24-Isopropylcholestane

From Wikipedia, the free encyclopedia
  (Redirected from Sponge biomarkers)
Jump to navigation Jump to search

24-isopropyl cholestane is an organic molecule produced by specific sponges and marine algae.[1] The identification of this molecule at high abundances in Neoproterozoic rocks has been interpreted to reflect the presence of multicellular life prior to the rapid diversification and radiation of life during the Cambrian explosion.[2][3] In this transitional period at the start of the Phanerozoic, single-celled organisms evolved to produce many of the evolutionary lineages present on Earth today.[4] Interpreting 24-isopropyl cholestane in ancient rocks as indicating the presence of sponges before this rapid diversification event alters the traditional understanding of the evolution of multicellular life and the coupling of biology to changes in end-Neoproterozoic climate. However, there are several arguments against causally linking 24-isopropyl cholestane to sponges based on considerations of marine algae and the potential alteration of organic molecules over geologic time.[5] Interpreting the presence of 24-isopropyl cholestane in the context of changingglobal biogeochemical cycles at the Proterozoic-Phanerozoic transition remains an area of active research.

24-isopropyl cholestane[edit]

Chemical argument for Precambrian sponges[edit]

Figure 1: 24-isopropyl cholestane (left) and 24-n-propyl cholestane (right), two organic molecules produced by sponges and marine algae relevant for studying the evolution of multicellular life in the Precambrian and Phanerozoic.

24-isopropyl cholestane (figure 1, left) is a C30 sterane with chemical formula C30H54 and molecular mass 414.76 g/mol. The molecule has a cholestane skeleton with an isopropyl moiety at C24 and is the geologically stable form of 24-isopropyl cholesterol.[2] A related and important molecule is 24-n-propyl cholestane (figure 1, right), also with the cholestane skeleton, but with an n-propyl moiety at C24.

24-isopropyl cholestane is produced copiously by a particular group of sponges in the class Demospongiae within the phylum Porifera.[1][6] Like other molecular fossils, the presence of 24-isopropyl cholestane in rocks may indicate whether demosponge were living in or near the rock’s depositional environment. High abundances of 24-isopropyl cholestane are identified in the Precambrian rocks from the Hufq supergroup in Oman, suggesting the presence of sponges prior to the Cambrian explosion.[2] However, sponges are not the only organisms that produce 24-isopropyl cholestane, so the identification of this biomarker is not uniquely linked to the presence of demosponge.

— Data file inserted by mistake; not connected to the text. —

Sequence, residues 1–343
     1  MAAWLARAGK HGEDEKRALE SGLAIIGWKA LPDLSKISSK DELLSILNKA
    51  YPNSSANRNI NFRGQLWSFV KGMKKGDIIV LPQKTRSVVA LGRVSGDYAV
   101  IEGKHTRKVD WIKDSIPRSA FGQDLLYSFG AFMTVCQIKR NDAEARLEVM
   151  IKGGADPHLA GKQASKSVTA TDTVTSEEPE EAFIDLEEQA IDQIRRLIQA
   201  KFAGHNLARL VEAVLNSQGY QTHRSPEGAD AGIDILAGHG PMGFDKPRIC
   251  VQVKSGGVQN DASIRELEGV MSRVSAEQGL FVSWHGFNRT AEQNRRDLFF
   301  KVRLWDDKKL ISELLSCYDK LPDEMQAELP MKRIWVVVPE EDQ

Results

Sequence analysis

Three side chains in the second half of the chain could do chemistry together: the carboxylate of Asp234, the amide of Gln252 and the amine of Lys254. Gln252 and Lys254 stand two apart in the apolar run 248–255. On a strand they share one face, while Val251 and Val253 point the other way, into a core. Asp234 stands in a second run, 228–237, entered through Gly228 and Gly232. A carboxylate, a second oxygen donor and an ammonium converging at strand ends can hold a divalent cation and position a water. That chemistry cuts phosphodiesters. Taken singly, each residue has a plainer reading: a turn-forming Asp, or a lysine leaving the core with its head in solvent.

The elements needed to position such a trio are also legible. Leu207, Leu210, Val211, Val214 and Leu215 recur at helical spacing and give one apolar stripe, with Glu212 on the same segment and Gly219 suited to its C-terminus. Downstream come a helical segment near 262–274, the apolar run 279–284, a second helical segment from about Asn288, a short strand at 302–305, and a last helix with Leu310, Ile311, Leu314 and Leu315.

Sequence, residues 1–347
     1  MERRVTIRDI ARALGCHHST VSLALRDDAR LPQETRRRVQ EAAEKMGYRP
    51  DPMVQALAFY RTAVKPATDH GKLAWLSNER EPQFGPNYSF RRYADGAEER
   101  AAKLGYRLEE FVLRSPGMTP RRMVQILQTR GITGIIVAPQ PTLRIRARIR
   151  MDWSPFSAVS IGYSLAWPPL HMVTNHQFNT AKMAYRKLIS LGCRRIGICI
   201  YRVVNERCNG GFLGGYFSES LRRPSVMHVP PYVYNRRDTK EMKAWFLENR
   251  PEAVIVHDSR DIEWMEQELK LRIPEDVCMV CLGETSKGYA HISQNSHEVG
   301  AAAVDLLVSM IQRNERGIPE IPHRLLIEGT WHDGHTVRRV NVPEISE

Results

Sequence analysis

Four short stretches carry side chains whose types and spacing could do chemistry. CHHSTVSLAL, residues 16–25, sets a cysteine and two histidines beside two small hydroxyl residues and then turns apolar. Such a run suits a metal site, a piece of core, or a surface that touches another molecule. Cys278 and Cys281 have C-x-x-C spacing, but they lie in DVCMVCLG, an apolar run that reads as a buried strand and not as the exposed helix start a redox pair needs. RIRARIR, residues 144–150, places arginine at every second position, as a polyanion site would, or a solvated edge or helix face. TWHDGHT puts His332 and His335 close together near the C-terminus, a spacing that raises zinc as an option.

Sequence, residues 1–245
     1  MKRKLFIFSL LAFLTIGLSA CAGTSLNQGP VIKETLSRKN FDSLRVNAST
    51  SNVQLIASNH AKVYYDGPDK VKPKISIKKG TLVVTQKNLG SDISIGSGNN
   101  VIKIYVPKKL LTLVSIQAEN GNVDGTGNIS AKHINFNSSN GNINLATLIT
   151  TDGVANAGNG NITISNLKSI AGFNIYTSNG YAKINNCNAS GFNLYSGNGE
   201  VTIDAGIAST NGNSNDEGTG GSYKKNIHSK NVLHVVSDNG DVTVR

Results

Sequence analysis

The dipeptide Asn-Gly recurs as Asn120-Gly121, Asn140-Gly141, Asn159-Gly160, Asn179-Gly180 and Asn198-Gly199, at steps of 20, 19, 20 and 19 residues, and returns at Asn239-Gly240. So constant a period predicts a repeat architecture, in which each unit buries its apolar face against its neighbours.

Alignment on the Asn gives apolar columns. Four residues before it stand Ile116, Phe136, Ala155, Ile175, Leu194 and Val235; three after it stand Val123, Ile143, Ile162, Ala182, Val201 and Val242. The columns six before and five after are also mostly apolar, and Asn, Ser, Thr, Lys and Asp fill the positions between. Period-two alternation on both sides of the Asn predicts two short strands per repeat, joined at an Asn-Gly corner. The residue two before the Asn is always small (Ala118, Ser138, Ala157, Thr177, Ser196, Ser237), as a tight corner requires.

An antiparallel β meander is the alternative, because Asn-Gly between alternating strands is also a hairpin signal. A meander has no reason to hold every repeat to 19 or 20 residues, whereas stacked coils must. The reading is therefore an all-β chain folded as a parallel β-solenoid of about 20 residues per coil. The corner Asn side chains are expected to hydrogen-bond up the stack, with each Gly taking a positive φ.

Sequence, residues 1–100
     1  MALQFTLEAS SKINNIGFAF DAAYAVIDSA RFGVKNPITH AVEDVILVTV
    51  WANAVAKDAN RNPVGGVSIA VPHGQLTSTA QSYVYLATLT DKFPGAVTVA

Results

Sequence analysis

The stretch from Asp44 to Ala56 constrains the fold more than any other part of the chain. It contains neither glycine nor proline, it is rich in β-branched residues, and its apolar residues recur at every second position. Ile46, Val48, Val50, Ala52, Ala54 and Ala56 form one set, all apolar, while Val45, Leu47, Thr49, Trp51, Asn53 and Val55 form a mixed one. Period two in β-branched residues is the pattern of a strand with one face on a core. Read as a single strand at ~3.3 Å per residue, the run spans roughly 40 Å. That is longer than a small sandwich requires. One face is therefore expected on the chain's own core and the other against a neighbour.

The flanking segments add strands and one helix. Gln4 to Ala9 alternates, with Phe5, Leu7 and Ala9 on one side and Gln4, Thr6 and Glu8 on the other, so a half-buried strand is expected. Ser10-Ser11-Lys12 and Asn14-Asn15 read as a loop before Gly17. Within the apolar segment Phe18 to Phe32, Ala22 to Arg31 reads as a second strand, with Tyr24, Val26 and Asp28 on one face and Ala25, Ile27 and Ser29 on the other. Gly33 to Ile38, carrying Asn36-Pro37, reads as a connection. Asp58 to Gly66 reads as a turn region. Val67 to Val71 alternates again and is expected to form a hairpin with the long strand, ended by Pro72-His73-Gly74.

While marine pelagophyte algae predominantly produce 24-n-propylcholestane,[7] they also produce 24-isopropyl cholestane. The two possible sources of 24-isopropyl cholestane to rocks, the demosponge and the algae, can be decoupled by considering the ratio of 24-isopropyl cholestane to 24-n-propyl cholestane. In many rocks, this ratio is 0.2-0.3.[2] However, in rocks from Oman, the ratio of steranes is 0.52-16.1, with an average value of 1.51, which strongly suggests input of sponge organic matter.[2] Notably, these elevated values disappear during the Cambrian, and the ratio of 24-isopropyl cholestane to 24-n-propyl cholestane is used an age-specific proxy for the Proterozoic-Phanerozoic transition.[8]

Recent research in molecular clocks has argued that the ability to produce 24-isopropyl cholesterol evolved independently in both the demosponge and algae.[3] However, it appears that the biosynthesis evolved earlier in the sponges, during the Neoproterozoic, and that the ability to perform the biosynthesis was not present in algae until the Phanerozoic. If correct, these results would give scientists much more confidence in interpreting elevated levels of 24-isopropyl cholestane in ancient rocks as reflecting the presence of sponges.

Observations of Precambrian sponges[edit]